It can be seen in greater detail from the lines I—I in FIGS. 2-4 how the sections through the components 18, 15 and 17, respectively, shown in FIG. 1 are positioned.
FIG. 2 shows that the body 18 is provided with a central hole 23 for the shaft 16. In the wall of this hole, there is an annular groove 24 from which a number of radial channels 25 open in the outer surface of the body 18. By virtue of the fact that the body 18 is intended to be mounted with its groove 24 directly in front of a number of holes 26 arranged in the shaft 16, it is possible to supply air from the chamber 12 to the interior of the shaft 16 via the channels 25. This air passes, together with air which can flow into the shaft 16 at the top, down into the housing 17 and can, via at least one opening 27 at the bottom in the latter, flow out towards the material web 3 so as to form a desired air cushion.
FIG. 3 shows that the guide part 15 is provided with a central hole 28 for the shaft 16. From this hole, a number of radial channels 29 lead out to a circumferential groove 30 arranged in the outer surface of the guide part 15. On both sides of this groove 30, there are grooves for sealing means, and the guide part 15 can in this way be arranged in a sealed manner in the lower housing part 11, with the groove 30 directly in front of a connection 31 for supplying pressurized air. The shaft 16 runs in the hole 28 with a certain play, and, in the same way, the guide elements 20 run with a certain play in their respective channels 21. In this way, by means of air from the chamber 12 and air from the channels 29, the shaft 16 is supported in the hole 28 by air, which means that the shaft can be displaced in a virtually friction-free manner in the guide part 15. In a corresponding manner, by means of air from the chamber 12, the guide elements 20 are supported in the channels 21 by air, which means that these can also be displaced in a virtually friction-free manner in the guide part 15. At the same time, by means of the guide elements 20, the measuring head 6 is prevented from being rotated in the measuring housing 5.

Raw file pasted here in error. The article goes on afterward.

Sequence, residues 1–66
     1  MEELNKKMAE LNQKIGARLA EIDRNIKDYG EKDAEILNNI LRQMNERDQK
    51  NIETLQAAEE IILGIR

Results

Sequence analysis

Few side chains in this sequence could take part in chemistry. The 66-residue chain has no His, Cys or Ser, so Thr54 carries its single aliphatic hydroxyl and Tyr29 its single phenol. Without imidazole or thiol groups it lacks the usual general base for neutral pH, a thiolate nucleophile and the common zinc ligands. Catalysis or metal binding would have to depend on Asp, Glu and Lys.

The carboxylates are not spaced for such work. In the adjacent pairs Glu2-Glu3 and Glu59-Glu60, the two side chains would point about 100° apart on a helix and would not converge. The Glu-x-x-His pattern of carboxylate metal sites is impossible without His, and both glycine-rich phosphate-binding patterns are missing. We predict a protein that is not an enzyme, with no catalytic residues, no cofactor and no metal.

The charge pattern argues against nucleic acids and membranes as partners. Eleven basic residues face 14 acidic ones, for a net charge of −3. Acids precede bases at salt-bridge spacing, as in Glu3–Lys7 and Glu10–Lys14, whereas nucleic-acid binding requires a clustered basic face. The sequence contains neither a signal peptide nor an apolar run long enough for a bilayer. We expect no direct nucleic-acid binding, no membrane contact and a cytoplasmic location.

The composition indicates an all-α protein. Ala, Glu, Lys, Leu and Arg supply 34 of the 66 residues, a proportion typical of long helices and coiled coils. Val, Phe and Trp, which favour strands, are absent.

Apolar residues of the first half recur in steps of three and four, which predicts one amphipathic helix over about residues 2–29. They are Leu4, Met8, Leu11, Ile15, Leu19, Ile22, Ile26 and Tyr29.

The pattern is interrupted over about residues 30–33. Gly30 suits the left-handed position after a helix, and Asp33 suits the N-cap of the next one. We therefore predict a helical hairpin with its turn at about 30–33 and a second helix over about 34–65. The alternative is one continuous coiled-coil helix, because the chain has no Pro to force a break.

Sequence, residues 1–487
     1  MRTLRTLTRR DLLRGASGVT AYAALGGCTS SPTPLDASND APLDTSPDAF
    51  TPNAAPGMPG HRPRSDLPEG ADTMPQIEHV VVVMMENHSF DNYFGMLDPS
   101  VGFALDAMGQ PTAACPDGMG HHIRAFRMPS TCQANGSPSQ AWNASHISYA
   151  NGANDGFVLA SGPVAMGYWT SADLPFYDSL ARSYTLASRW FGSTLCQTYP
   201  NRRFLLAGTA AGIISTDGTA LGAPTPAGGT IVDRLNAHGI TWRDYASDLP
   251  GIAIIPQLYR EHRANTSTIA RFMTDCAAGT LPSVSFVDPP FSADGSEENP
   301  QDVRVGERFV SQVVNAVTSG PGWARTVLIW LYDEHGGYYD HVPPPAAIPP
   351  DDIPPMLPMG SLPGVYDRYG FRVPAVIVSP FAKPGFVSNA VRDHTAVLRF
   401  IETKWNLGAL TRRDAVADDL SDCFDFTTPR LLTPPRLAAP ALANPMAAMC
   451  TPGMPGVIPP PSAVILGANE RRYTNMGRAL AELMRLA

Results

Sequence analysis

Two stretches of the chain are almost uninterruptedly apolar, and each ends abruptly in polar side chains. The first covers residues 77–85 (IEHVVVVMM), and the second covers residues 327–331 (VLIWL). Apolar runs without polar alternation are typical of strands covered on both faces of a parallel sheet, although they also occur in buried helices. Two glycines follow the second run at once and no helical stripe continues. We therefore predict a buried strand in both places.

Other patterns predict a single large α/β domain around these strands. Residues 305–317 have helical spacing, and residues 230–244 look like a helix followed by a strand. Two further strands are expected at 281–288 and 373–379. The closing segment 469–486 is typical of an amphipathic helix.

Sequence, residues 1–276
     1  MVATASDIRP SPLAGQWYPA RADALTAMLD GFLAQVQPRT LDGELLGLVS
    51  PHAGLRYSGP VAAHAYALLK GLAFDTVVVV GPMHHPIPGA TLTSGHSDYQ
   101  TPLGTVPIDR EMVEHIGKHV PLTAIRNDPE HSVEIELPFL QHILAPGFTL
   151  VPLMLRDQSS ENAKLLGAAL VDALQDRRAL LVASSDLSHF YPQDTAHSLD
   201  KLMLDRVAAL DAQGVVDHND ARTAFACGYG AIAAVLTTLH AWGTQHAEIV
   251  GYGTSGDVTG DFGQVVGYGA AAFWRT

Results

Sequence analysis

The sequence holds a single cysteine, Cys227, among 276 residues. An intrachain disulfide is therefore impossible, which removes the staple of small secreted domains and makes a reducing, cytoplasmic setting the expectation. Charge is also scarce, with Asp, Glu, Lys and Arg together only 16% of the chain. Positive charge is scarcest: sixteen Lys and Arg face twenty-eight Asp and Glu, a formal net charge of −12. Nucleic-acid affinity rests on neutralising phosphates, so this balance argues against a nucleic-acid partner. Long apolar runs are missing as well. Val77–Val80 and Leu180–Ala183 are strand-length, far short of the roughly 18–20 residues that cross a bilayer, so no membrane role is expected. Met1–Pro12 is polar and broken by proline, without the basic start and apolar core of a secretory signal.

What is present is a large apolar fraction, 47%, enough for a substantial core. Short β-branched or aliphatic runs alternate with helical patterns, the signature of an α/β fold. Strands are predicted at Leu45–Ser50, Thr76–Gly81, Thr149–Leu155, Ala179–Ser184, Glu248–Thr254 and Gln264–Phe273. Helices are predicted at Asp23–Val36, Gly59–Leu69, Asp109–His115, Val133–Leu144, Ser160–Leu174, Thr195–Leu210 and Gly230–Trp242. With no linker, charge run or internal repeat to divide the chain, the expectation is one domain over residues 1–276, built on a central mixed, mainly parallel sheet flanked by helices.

It can be seen from FIG. 4 that the housing 17 with its shaft 16 is provided with two threaded fastening holes 32 located essentially diametrically opposite one another, each for its own guide element 20. As can be seen from FIG. 1, the housing 17 has a slightly smaller diameter than the bore 14 in the lower housing part 11, as a result of which air which flows through the guide part 15 can continue out into the open and at the same time form an air support for the housing 17. The guide part 15 is fixed in the lower housing part 11 by means of at least one screw 33 which is arranged in a sealed manner therein and extends into the groove 30 in the guide part 15.
The air flow in the measuring device 1 is shown by various, unnumbered arrows in FIG. 1, the air entering via the connections 13 and 31 and then continuing so that it flows on the one hand through and on the other hand past the housing 17.
The mass of the body 18 is adapted to the mass of the housing 17 with contents in such a manner that the body 18 forms a sufficiently great counterweight which is capable of reducing the tendency to inclination between the measuring head 6 and the measuring housing 5 when the measuring device 1 is mounted in different working positions. In this way, more effective support by means of air is made possible, with reduced friction and improved accuracy as a result.